Romney wins Iowa caucus: Looking Like Romney vs. Obama in 2012

Romney wins Iowa caucus: Looking Like Romney vs. Obama in 2012
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Romney wins Iowa caucus: Looking Like Romney vs. Obama in 2012

(Reuters) – After his razor-thin victory in Iowa, former Massachusetts Governor Mitt Romney on Wednesday predicted “fast and furious” attacks from rivals seeking to oust him from his front-runner perch in the race for the Republican presidential nomination.

Romney edged out Rick Santorum, a conservative former Pennsylvania senator, by only eight votes in Iowa’s caucuses, the first presidential nominating contest of 2012, as each received about 25 percent of the vote.

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Ron Paul, a Texas congressman known for his small-government views, was a close third with just over 21 percent.

The field of candidates seemed likely to narrow after the Iowa result after two of the seven leading contenders cancelled trips to South Carolina to reassess their campaigns.

Representative Michele Bachmann, who finished a disappointing sixth in Iowa with just 5 percent of the vote, canceled events in the southern state and scheduled a news conference for 11 a.m. EST.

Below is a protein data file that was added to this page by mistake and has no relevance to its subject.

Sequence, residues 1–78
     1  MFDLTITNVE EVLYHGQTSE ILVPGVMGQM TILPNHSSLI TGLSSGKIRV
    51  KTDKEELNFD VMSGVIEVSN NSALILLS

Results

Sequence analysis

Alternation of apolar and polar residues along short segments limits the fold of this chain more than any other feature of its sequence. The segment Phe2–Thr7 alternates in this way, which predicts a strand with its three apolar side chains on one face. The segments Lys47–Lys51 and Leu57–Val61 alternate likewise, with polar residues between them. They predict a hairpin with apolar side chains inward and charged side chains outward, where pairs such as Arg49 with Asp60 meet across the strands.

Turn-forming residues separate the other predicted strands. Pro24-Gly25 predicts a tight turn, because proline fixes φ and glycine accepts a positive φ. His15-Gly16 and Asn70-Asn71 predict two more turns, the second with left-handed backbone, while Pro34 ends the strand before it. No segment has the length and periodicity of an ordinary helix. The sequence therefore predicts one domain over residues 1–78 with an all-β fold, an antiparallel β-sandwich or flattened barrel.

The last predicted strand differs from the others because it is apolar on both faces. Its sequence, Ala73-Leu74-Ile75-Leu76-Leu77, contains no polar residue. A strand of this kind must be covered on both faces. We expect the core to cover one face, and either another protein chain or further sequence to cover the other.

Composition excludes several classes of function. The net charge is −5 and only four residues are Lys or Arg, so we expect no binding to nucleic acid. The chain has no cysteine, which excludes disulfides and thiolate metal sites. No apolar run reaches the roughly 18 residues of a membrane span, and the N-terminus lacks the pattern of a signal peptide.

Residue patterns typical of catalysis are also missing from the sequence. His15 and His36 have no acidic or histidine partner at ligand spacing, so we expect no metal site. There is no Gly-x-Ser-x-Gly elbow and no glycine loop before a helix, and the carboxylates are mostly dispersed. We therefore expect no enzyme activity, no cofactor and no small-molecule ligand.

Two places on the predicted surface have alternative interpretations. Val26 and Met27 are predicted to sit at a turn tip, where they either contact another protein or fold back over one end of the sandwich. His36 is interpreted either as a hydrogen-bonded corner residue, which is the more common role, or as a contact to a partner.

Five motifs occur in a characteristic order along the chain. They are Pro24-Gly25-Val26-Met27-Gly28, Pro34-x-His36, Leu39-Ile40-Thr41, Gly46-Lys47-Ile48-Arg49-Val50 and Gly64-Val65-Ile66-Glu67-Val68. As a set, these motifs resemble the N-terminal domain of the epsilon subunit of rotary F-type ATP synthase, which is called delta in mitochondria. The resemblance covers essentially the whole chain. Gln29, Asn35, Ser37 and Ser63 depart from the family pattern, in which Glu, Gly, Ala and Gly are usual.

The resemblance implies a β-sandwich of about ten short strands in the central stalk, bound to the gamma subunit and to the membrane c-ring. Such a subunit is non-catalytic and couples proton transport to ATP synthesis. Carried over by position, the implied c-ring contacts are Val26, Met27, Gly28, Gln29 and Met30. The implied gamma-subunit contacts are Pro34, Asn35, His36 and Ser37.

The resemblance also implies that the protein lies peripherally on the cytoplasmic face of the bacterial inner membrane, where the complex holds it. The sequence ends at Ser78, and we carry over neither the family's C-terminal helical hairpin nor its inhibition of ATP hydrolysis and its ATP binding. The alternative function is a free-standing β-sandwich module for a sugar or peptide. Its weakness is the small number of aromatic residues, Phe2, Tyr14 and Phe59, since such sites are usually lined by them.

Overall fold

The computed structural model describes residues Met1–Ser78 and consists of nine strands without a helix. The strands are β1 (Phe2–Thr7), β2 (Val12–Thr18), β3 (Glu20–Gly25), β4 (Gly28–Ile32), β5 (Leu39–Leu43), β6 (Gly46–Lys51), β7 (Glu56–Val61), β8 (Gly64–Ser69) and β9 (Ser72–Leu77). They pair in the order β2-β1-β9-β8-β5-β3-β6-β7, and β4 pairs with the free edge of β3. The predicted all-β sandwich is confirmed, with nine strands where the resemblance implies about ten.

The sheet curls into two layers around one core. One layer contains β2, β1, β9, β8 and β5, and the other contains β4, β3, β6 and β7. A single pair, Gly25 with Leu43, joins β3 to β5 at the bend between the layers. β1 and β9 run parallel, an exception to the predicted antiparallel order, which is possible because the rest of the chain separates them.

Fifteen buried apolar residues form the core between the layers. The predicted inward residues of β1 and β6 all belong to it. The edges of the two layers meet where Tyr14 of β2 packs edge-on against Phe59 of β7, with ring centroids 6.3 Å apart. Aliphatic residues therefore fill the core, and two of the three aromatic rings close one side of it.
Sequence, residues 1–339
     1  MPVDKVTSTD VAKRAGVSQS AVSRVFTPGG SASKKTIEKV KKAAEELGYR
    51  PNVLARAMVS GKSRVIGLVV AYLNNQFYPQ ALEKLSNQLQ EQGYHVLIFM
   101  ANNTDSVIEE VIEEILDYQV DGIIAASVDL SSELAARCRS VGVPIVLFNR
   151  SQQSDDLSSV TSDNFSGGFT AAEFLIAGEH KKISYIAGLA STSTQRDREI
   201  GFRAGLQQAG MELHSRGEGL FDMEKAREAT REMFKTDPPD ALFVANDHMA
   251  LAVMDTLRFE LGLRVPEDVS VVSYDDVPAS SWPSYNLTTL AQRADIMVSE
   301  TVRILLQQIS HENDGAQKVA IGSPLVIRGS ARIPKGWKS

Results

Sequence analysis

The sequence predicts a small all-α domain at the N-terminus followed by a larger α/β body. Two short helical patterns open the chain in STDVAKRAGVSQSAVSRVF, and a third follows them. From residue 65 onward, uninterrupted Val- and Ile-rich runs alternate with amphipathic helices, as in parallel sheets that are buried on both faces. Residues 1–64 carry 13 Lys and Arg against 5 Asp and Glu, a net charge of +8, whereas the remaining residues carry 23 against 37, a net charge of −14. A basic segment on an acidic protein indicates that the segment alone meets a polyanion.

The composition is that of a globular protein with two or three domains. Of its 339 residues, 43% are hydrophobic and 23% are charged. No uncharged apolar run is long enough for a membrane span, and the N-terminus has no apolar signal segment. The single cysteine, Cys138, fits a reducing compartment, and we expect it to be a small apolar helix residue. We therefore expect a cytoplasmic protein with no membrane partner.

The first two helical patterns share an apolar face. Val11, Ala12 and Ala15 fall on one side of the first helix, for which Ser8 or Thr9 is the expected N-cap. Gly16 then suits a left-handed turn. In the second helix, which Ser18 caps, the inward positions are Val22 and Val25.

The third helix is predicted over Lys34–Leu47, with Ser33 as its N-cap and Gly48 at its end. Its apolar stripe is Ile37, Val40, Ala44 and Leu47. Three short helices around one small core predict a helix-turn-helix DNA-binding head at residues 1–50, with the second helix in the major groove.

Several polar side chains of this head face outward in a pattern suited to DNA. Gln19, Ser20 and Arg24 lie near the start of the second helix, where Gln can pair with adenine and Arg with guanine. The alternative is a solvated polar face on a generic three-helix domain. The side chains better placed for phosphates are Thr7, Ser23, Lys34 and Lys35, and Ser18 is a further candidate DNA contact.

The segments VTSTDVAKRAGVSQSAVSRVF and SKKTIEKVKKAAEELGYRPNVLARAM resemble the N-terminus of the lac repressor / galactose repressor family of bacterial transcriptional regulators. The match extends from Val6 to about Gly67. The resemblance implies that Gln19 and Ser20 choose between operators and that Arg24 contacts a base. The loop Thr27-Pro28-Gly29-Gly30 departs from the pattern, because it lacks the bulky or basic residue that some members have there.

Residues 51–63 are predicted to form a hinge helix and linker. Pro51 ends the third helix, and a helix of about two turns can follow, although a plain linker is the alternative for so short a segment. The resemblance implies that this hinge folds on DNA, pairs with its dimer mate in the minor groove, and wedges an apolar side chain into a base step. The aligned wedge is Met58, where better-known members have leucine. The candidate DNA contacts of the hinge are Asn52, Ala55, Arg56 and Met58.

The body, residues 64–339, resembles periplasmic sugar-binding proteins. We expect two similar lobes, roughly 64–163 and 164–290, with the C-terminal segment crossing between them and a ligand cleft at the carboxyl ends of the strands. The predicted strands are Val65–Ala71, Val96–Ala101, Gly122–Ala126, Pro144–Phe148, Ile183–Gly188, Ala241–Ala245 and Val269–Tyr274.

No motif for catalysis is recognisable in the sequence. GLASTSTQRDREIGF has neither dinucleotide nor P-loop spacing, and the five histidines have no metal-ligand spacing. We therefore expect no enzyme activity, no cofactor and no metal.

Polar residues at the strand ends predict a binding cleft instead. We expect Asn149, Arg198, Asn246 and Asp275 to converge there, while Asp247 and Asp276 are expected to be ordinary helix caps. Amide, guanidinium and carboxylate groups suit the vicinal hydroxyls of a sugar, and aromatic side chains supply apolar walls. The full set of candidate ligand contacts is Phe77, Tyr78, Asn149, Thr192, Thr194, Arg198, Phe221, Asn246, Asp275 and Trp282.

Bachmann, a strong social and fiscal conservative, had focused her campaigning in Iowa after winning the Ames Straw poll there in August.

Texas Governor Rick Perry, who finished fifth in Iowa with just over 10 percent support, said he was going home to Texas to reassess his campaign.

New Hampshire holds its primary on January 7. South Carolina’s is set for January 21, followed by Florida on January 31.

The Iowa result boosted Romney’s status as the person to beat in the race to pick a challenger to President Barack Obama in November’s election.

He had not been expected to do well in the midwestern state, where conservative Christian voters are a major influence on Republican politics. But Romney’s eight-vote win over Santorum underscored his inability to secure the trust of socially and fiscally conservative Republicans ahead of what is likely to be the most expensive presidential election campaign in history.

Newt Gingrich, a former front-runner who finished in fourth place in Iowa at about 13 percent, signaled that he would campaign more aggressively against Romney, whom he has linked to a series of bruising TV attack ads.

“I know the attacks are going to come and they’re going to become more fast and furious now,” Romney said on ABC’s “Good Morning America” on Wednesday, after eking out his 30,015 to 30,007 win over Santorum.

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